Manifesting a good week

I actually had a really lovely weekend staying in with my quarantine family. I wanted to ride that positive feeling into the work week.

Last night I tweeted this out:

Yes, “manifesting” is very West LA of me. It’s less about some metaphysical belief and more about being proactive. It’s about mentally preparing myself for the work week.

I consistently have a rough time getting into the swing of things on Mondays. It’s stressful and I lose a bunch of productivity to it every week, scrambling to play catch up on the barrage of emails and Slack messages that began at 9:00am Eastern time, or sometimes earlier.

So the idea is basically, “hey let’s think about what my week looks like before I get to my desk Monday morning.”

Plans and promises

Still, this good work week I’m manifesting probably won’t look like 40 solid hours of productivity. Rather, I have a handful of things I’d like to focus on accomplishing. After overdoing it earlier this year (and earlier in my career), I’ve learned to underpromise, even—especially—to myself.

There’s always more work that can be done, but don’t commit to it prematurely. Finish the thing in front of you, and then when that’s done you can choose the next highest impact task that’s available to focus on. It’s good to narrow things down, of course–decision fatigue is real. But planning for specific outcomes only leads to tears, and saying that you’ll start and finish tasks at specific times focusing too much on outcome, in my experience.

So instead, we plan for effort. I may only have two hours of focus in me in a given “meh” day, instead of four to six hours on a good day (sometimes more, but we’re underpromising here). Well, let’s make those two hours count.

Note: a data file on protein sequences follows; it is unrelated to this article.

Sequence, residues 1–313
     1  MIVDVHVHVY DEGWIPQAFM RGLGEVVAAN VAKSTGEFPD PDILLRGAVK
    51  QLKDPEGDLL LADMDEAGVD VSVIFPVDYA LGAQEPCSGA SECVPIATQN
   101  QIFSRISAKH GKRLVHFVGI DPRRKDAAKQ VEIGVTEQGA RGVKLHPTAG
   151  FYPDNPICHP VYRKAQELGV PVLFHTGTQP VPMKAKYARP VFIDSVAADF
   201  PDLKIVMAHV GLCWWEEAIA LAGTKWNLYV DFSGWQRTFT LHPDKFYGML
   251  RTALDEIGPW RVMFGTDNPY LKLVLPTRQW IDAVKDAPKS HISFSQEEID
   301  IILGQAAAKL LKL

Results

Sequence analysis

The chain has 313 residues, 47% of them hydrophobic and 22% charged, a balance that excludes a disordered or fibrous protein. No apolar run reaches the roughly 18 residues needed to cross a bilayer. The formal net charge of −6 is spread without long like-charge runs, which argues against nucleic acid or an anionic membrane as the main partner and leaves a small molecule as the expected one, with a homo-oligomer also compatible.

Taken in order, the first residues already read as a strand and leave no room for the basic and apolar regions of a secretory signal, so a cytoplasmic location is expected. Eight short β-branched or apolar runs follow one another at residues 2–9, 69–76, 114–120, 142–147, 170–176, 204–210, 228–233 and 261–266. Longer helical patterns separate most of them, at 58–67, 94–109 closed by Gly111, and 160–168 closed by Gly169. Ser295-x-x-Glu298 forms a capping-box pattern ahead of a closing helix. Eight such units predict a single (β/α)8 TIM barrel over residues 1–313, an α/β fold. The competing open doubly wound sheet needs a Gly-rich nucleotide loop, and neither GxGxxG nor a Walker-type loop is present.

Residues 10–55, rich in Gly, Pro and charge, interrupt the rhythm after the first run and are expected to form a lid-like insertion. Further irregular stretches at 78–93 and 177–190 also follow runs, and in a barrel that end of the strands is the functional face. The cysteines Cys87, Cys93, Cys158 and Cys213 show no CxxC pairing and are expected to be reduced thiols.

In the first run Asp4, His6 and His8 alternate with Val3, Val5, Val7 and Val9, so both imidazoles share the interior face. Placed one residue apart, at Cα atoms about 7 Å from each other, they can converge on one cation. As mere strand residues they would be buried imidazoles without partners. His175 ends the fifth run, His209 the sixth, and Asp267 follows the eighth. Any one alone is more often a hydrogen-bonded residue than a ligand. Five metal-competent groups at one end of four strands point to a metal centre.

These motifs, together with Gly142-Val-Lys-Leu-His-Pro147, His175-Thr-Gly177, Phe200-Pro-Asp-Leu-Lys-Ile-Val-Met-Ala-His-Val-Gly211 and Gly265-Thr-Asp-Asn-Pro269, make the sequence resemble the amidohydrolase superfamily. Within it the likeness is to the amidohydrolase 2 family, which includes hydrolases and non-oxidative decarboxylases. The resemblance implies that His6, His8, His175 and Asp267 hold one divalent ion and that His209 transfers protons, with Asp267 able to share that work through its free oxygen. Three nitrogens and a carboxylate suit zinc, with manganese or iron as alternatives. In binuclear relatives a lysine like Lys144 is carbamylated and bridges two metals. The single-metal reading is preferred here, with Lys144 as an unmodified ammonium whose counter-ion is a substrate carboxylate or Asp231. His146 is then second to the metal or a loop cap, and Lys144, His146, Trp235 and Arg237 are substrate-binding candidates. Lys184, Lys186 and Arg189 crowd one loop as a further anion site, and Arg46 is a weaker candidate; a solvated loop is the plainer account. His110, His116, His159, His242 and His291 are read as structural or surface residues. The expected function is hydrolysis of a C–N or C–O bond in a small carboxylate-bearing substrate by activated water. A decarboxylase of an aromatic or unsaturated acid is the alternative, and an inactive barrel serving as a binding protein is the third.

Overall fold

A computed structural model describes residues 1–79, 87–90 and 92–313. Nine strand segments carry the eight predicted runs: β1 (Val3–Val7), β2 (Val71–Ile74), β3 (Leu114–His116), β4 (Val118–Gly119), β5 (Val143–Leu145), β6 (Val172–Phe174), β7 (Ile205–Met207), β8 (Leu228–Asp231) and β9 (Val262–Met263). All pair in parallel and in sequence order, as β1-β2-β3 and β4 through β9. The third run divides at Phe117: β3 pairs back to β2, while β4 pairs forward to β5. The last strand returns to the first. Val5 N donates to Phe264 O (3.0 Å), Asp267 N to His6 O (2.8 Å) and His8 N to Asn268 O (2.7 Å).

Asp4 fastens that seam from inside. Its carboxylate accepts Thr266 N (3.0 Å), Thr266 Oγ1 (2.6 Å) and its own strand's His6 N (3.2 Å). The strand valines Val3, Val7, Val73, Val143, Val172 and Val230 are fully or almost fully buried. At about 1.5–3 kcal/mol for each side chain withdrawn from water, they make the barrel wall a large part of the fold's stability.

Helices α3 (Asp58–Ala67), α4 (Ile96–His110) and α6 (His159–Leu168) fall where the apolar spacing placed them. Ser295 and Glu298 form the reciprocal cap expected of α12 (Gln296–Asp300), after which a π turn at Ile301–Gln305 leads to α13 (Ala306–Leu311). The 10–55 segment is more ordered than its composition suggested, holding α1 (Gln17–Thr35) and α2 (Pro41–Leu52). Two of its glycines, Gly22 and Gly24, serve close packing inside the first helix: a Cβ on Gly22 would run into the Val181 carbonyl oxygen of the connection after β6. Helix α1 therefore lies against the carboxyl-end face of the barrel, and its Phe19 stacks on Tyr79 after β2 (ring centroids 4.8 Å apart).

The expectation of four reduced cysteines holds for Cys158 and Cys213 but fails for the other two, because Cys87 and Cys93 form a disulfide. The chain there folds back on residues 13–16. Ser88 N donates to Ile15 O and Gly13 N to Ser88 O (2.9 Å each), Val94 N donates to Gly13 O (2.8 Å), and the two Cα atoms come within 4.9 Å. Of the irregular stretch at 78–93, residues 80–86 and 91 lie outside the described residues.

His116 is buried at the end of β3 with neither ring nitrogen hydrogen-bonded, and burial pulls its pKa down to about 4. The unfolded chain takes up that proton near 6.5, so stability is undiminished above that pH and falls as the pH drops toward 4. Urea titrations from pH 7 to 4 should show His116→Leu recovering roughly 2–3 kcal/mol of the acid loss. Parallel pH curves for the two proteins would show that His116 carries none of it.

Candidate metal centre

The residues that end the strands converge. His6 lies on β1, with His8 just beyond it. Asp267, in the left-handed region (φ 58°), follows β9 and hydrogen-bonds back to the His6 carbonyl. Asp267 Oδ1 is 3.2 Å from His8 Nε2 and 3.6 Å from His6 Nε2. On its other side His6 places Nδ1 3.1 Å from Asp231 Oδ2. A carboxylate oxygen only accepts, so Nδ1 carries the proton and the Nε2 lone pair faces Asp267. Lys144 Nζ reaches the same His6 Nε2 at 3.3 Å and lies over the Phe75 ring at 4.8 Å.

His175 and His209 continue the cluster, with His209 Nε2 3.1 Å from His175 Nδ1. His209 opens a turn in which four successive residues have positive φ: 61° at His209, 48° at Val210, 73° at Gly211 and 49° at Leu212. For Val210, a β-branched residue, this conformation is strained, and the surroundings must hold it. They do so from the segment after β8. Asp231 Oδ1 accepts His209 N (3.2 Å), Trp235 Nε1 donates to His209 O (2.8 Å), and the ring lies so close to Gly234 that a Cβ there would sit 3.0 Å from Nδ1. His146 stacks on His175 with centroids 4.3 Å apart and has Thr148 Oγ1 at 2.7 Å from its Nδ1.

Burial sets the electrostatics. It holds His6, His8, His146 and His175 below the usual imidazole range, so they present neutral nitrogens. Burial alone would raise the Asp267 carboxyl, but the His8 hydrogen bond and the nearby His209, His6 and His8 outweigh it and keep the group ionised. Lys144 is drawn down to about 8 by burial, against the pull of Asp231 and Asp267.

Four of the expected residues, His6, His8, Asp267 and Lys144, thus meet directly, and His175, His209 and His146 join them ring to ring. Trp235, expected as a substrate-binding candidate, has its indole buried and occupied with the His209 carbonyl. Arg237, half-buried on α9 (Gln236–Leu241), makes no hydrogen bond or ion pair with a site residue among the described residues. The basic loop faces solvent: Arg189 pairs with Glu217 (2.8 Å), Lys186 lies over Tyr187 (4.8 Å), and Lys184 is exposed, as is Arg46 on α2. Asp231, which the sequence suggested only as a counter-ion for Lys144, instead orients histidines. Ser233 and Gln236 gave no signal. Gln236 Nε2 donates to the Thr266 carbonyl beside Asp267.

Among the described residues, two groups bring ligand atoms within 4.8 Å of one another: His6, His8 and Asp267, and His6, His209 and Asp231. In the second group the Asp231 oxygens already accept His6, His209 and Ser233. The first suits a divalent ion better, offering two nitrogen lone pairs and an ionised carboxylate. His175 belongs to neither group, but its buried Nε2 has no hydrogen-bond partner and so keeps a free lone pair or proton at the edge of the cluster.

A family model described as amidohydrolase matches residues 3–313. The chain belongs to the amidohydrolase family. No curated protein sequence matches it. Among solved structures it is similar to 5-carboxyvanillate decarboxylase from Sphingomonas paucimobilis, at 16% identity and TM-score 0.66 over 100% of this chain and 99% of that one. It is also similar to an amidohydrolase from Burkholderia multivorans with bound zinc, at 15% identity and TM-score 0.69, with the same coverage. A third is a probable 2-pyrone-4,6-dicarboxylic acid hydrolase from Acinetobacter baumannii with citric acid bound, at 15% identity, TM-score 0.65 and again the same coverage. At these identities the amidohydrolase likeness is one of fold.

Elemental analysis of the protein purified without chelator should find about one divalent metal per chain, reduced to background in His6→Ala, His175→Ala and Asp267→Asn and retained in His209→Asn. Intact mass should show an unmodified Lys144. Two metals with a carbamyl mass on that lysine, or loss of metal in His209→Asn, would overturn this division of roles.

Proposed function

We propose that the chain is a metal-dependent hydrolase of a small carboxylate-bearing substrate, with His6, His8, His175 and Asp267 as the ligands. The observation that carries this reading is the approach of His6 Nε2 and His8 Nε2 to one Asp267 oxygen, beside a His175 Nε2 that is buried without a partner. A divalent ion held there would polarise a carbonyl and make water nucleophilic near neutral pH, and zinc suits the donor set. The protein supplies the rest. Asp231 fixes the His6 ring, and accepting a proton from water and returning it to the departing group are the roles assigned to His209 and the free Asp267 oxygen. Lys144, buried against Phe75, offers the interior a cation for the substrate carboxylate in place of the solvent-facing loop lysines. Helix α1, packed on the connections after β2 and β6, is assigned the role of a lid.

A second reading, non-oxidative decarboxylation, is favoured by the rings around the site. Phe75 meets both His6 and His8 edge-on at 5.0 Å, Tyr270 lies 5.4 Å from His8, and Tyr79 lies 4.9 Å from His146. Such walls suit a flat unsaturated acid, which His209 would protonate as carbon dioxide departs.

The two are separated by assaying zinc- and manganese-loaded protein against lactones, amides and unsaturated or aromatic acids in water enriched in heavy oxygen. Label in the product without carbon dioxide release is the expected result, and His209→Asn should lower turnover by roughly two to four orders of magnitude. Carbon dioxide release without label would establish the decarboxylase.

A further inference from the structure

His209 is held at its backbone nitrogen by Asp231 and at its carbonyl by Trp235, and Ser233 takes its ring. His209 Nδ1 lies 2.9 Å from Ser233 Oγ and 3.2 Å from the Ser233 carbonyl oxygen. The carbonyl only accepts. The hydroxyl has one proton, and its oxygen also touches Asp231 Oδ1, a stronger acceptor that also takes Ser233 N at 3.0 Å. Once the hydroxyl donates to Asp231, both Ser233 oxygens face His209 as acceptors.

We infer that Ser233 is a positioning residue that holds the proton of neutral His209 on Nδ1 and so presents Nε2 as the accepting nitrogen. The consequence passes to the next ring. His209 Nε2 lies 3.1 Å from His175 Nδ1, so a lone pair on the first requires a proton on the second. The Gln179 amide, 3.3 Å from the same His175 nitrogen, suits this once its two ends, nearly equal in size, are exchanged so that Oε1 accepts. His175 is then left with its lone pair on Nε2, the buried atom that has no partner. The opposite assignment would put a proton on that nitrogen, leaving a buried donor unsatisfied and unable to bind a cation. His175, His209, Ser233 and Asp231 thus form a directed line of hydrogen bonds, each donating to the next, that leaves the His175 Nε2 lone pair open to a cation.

I’m also hoping some of the lifestyle adjustments I’ve made recently will help me focus better and be effective in my work for the two or four or six hours of focus I do get in a given day.

Cooking, exercise, housework, and other “adulting” tasks are examples of things you can plan effort for. Following through on that planning is easier said than done, of course, especially for those who aren’t able-bodied, neurotypical, or otherwise able to take for granted their unlimited spoons.

Even with all the spoons in the world, good intentions aren’t enough to accomplish everything I want. To improve my chances, I use systems.

Timelines and deadlines

On Thursday I reorganized how I do project management on our blog post pipeline using Asana’s timeline feature and omg, the visualization clicked with my brain so well. I’m waiting to see how this new approach works in the long run. Here’s hoping seeing all the steps laid out like that actually gets me to finish things early, instead of “adjusting” (read: ignoring) my self-imposed soft due dates like I always do.

Asana timeline view showing six different blog post projects, each with several subtasks marked with arrows to show dependencies

I also asked our team’s executive assistant for some support on the logistics tasks for blog publishing.